A natural offshoot of the modern Singaporean’s contempt of patriotism is his utter indifference to the war chapters of his national history. We don’t want to remember the Japanese Occupation: remembrance is for old dotards who can’t move on.
An Australian told me he was surprised that while Australians still hold remembrance ceremonies for family who died in Singapore during the Occupation, he never hears Singaporeans talking about the war. “You’d think the Occupation affected far more Singaporean families than it did Australian families,” he said.
Do we not remember because it is a very Singaporean trait to look down on anything Singaporean (which we belittlingly refer to as “local”, as in “who does she think she is, she’s just a local”)?
Do we not remember because, on the political front, it would be embarrassing for Singapore as a nation to dwell on the past misdeeds of a very wealthy and important trade partner?
Britain – a nation of surprising sentimentality when it comes to wars – is not shy of commemorating not just the Second but the First World War ad nauseam, and nobody views such commemoration as antagonistic to present-day Germany.
The Americans still indulge in memorial events such as re-enacting (uniforms, guns, and all) the 140 year-old Battle of Gettysburg, every year.
Perhaps we just don’t want to remember. Because the war years belong to a colonial past whose memory is anathema to our progressive nation today. Who wants to remember a time when the White Man kept us out of his air-conditioned British clubs (“No Dogs and Chinese”).
That way of life is gone now. Kaput.
Yet Life and Death in Changi has done something important for me as a Singaporean, and as a writer. It has reminded me again that the familiar may become exotic, that the banal and despised may become strange and lovely, and that, in many respects, our country and our environment is only as much as we make it.
Kitching never thought Singapore was boring. His diary reveals a genuine affection that the British colonials had for Singapore. No doubt they had looked on Singapore so fondly because it provided them with prestigious appointments, a cushy lifestyle, large bungalows with “Asiatic staff”, loyal Malay chauffeurs, and what-not.
But beyond these material gains, one senses that people like Kitching – who, after all, made maps for a living – had a deep feeling for the trees, the roads, the landscape, the buildings, the people, the history, the very idea of Singapore. He believed it was worth defending, and was upset that his government failed to do more.
Could we ever rise to a similar level of conviction about our country?
We buy books about exotic other lands, be they Western or Eastern (as long as it’s not Singapore). We admire patriotism in the American citizen and get choked up over 9/11, but we’ll be damned if we get caught weeping over our own stupid little town. We have a collective fantasy that our Asian neighbors like Hong Kong, Taiwan, Shanghai, Tokyo, are all infinitely more “happening”, more affluent, more urbane, than home.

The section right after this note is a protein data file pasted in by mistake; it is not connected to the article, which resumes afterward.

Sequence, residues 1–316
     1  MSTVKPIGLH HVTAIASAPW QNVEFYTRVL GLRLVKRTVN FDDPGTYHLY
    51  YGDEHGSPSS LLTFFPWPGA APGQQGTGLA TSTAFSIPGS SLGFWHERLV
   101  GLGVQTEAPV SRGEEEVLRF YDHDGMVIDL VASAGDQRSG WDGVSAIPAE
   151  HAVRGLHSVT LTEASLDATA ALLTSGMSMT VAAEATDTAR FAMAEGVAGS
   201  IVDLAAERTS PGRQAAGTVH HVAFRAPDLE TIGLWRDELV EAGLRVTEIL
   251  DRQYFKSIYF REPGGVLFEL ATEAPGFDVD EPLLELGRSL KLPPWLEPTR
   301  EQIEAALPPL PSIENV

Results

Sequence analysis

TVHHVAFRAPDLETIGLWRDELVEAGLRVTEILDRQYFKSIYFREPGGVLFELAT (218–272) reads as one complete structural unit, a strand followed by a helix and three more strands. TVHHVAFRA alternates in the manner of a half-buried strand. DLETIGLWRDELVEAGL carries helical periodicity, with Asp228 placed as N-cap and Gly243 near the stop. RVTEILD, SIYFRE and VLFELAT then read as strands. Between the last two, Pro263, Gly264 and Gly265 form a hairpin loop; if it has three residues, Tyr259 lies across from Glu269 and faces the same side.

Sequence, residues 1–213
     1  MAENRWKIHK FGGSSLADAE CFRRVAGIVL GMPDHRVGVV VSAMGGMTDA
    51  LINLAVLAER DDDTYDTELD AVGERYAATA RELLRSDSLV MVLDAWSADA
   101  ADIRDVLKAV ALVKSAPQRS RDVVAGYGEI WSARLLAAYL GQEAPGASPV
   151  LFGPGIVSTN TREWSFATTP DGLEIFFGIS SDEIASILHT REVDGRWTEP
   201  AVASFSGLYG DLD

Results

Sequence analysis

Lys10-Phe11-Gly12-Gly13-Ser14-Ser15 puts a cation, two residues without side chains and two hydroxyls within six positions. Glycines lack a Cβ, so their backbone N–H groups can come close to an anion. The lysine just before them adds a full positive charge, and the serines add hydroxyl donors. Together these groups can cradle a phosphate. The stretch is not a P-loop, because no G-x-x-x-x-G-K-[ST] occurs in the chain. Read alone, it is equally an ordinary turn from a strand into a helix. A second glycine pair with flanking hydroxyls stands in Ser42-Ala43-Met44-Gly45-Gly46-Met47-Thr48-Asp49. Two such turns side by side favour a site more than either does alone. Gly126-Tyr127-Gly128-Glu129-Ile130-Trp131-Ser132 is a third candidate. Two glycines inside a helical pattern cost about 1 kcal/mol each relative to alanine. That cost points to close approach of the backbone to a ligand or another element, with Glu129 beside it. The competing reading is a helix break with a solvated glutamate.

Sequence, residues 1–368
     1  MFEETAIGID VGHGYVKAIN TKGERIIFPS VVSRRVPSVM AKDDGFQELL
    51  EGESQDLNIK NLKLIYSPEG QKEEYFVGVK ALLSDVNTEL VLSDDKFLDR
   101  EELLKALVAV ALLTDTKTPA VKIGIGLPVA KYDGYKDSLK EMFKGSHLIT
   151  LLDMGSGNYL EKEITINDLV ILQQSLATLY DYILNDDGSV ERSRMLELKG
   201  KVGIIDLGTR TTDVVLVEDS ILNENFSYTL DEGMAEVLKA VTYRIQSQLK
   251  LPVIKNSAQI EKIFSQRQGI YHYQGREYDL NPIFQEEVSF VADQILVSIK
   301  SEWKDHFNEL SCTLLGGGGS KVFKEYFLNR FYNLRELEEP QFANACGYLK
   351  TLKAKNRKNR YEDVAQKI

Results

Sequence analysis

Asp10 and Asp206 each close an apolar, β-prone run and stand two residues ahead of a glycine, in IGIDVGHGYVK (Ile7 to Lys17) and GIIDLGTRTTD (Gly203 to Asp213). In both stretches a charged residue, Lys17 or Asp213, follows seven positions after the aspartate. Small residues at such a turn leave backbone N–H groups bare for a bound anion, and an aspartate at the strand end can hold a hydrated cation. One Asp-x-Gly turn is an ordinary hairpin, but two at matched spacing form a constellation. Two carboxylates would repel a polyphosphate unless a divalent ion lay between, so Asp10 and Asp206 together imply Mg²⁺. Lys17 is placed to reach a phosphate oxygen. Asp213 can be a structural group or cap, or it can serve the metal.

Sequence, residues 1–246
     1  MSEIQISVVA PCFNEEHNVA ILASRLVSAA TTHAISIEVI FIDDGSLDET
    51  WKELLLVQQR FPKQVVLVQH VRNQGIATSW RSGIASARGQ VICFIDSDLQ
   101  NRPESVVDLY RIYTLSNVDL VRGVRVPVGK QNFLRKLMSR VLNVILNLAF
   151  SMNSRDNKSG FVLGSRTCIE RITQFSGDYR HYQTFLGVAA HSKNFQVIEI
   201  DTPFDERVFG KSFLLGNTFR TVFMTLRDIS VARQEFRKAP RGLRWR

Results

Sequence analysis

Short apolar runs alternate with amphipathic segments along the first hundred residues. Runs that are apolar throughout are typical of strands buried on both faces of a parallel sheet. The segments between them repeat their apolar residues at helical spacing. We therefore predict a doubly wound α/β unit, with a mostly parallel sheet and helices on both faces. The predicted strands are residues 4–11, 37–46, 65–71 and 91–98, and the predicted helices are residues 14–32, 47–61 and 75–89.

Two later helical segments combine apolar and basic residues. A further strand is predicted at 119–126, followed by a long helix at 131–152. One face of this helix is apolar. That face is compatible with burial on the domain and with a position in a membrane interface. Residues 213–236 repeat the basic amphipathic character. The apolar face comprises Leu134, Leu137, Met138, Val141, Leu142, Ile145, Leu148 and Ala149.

Anything, anything that can take us out of this boring, repetitive land of COEs, HDBs, PAPs, and MRTs would be welcome.
As long as we have this desperation, this envy for the outside world, this sick sense of being trapped in an air-conditioned, boring Disneyland with no opportunities; as long as we continue to despise people who resemble us the most, and use the adjective “local” pejoratively, we will not be patriots. (And we will not buy “local” books).
And yet, just the other day, I was at Newton Circus, walking through a field, past a little school, and came across, beyond the rusty iron fence, a low-roofed tuck shop, open to air, with small child-sized wooden benches, tabletops made of hammered tin, and a solitary hawker cleaning up after the kids were gone.
Someone had carefully hung tropical plants in hemp-knotted flower pots all around the tuck shop: a prim, school-marmish attempt at decoration for the children. Bees and flies roared deep in the vegetation. I could have been in Tonga.
And suddenly I thought of the strange exoticism of Singapore, and how easily one could just pass all this by without even a second glance. And I remembered Kitching’s entry in his diary about the heavy bombing of Newton Circus, and wondered, with world affairs in its current sorry state, whether there would ever be another occasion when this familiar, banal, monotonous, uninspiring, overlooked landscape would be the subject of literary interest.
And so I would encourage people – particularly the hip and the jaded – to read this book.
Because walking down Orchard Road is infinitely more meaningful, the hot air more precious, when one remembers Thomas Kitching’s lines describing how, not that long ago, all that could be seen on that street was the debris of heavy shelling, and a long line formed by prisoners of war.QLRS Vol. 2 No. 3 Apr 2003